Friday, July 10, 2009

Crisis Averted

I mentioned a somewhat recent post that I've been studying to take the LSATS, which are actually offered here in Buenos Aires. I took the test back in December of 2007, but did not invest the necessary time and effort to reach my potential score. I knew I could do much better, and always planned on taking them again if I were to apply to law school. Apparently, there are enough expats, (children of) diplomats, and/or Argentines like me looking to attend law school in the States to administer a test this September, but not enough for a December date, too. Regardless of which date, taking them on either would allow me to apply to law school for the fall of 2010, even on the chance I don't enroll at that time. Upon figuring out I could take the test down here and not have to wait until I return to the States, I dispatched a messenger (Nick) to North America to fetch me prep materials so I could commence my studies. I've been going strong for the past month or so, making visible progress in the turd sandwich of all turd sandwiches, the Analytical Reasoning section of the test, better known as puzzles or games. But this boludo of all boludos stupidly put off actually signing up for the test until Tuesday night, assuming it would be fine as long as I did so before the first deadline, after which they tack on a hefty fee. As such foreshadowing may give away, it was not all fine and well: the test center had filled up, so I put my name on the waiting list and hoped for the best.

Honestly, my hopes were not too high. I've never had good luck with waitlists, getting rejected from two different school's waitlists while applying to college. Plus, who the hell signs up for the LSATS in Buenos Aires unless they intend on taking them? While retelling my predicament to Nick, he told me that one of his friends informed him he or she might be coming to Buenos Aires just to take the LSATS. I didn't like my odds one bit, and my other options weren't much better. The test is available on both dates in Honduras, but I'm guessing those who signed up for either of those will be getting a rain check sometime soon. Potential lawyers in training can also take the test in Brasil in September and December, yet that would require purchasing a tourist visa that will run you $150.oo USD, which combined with the fee to take the test would add up to nearly $300.00 USD, and that's without even thinking about airfare. I'm financially restricted from traveling to Brasil as it is, much less while paying an extra $135.000 USD, so that option was not feasible, the same went for going back to the US to take the test.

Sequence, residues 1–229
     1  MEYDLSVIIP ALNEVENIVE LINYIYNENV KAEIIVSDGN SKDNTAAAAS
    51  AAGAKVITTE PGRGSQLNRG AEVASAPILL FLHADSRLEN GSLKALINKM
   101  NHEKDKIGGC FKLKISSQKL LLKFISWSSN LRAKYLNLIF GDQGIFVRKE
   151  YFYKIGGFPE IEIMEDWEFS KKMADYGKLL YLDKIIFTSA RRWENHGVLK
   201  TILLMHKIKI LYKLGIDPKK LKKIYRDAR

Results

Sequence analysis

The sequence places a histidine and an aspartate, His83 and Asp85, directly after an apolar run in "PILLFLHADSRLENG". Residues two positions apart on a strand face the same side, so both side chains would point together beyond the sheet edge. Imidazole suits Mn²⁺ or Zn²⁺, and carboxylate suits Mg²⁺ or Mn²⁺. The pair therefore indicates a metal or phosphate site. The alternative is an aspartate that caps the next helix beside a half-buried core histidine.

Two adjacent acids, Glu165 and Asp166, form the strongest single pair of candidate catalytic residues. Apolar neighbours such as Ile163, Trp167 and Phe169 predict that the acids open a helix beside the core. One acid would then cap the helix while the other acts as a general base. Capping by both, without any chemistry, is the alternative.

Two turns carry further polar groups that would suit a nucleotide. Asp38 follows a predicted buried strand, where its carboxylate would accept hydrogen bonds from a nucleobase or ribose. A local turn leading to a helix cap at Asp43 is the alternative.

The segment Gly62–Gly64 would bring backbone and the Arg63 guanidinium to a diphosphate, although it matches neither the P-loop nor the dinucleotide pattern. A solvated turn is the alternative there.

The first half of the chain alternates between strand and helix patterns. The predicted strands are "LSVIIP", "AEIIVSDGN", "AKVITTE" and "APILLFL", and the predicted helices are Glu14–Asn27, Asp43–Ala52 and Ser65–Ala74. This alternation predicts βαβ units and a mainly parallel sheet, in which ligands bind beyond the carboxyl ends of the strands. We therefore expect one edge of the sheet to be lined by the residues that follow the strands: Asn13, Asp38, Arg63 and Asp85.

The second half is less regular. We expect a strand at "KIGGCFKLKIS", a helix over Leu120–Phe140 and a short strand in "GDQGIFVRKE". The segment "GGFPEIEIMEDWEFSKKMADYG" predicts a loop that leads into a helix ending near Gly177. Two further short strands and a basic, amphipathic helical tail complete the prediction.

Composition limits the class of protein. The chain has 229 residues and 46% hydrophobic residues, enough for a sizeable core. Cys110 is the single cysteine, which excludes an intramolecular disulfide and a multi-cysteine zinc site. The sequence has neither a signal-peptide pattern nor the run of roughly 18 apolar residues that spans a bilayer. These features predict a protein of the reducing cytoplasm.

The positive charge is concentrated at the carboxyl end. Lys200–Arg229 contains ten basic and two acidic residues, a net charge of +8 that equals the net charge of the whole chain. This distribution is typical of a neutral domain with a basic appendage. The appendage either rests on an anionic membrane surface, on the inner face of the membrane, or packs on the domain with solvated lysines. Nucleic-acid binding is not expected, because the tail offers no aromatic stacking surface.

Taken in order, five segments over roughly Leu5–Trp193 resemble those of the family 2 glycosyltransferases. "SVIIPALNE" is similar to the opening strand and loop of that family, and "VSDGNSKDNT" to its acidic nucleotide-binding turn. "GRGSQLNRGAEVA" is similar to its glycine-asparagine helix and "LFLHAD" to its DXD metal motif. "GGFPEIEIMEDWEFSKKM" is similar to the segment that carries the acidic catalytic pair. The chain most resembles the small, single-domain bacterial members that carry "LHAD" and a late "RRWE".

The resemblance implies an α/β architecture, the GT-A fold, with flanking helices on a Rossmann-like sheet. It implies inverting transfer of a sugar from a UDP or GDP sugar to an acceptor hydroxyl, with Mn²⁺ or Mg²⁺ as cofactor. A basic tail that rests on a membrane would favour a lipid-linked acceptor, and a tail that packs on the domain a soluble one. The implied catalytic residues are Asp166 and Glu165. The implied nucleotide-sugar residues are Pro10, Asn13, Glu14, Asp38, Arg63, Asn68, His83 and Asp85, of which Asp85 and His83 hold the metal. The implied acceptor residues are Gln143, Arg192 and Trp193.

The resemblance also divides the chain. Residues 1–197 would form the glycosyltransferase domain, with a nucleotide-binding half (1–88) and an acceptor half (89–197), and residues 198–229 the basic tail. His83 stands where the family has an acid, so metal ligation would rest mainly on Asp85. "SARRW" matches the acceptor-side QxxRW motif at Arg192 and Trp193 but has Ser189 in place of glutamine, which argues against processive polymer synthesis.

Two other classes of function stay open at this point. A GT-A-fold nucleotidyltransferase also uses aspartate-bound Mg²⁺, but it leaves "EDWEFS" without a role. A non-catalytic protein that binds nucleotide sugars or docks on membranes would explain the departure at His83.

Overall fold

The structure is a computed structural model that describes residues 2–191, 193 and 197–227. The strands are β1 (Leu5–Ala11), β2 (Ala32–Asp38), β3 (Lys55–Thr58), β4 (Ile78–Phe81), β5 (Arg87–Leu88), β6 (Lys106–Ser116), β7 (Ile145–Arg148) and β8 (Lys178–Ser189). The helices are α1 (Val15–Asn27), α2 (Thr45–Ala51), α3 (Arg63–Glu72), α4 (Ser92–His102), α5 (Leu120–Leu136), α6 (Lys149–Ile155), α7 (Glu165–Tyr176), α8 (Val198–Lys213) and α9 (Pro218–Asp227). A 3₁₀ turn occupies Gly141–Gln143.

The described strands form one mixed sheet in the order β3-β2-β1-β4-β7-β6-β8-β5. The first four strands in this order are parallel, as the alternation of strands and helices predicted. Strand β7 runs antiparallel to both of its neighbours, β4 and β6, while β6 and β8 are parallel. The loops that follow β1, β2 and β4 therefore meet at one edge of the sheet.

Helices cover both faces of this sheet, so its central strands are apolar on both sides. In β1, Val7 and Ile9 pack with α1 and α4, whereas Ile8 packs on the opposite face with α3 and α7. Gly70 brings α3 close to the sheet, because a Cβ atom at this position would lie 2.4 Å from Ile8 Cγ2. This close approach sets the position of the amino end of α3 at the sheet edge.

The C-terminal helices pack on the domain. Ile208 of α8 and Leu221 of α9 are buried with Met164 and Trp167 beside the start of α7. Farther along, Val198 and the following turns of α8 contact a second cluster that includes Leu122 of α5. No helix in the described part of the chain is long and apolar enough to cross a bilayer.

I was telling my student about my situation this morning and it afforded me the chance to teach him a good phrase: game changer. If I can't take the test in September of December, I can only apply to law school with my previous, underachieving scores from almost two years ago, something I was not ready to do, which would eliminate a possible call back date, which would definitely alter the nature of my stay in Argentina. Fall 2010 could turn into fall 2011, which could turn into fall see where this is going. My future was in the balance, I was face to face with a serious crisis.

I've kept studying for the past few days, hoping some good fortune would eventually come my way and that I would get in. And again, as such foreshadowing may give away, my luck changed shortly after explaining the situation to my student this morning. I wandered into McDonalds for my regular inter-class reading/coffee/breakfast sandwich break when I got an email telling me I had come off the wait list and had a spot in the test room. McDonald's coffee has never tasted better, I assure you, since I skyrocketed to Cloud Nineteen, feeling so much better about my future which once held more restricted options. Who knows what will happen, but now I'm back to playing with a full hand. Add to that the fact that I picked up some more hours today at 35 pesos an hour - that's right, I'm getting dangerously close to earning $10.00 USD an hour - and you could call it one of the better days I've had in a while. Now all I've got to do is study my law loving butt off so another underwhelming score doesn't limit my options for 2010, because that would be a real crisis.


Supremacy Claus said...

Josh: When you consider the $10K for the summer internship, before 2L, and the $175K first year out of law school, the delay in entering the law school is quite expensive, and the higher fees and airfare to take the test on time are quite cheap.

While you are in Argentina, it may also be useful to audit law school classes, to try to take their exams for fun. You will be shocked by their difficulty. The ability to speak Argentina lawyer talk would make you unique. It would give you something to talk about during your law school interview, aside from "wanting to help people."

Josh said...

Who said I'm out to help people? I'm out to make bank.
But seriously, thanks for the suggestions. The semester just ended down here so it's actually the perfect time to start auditing a class.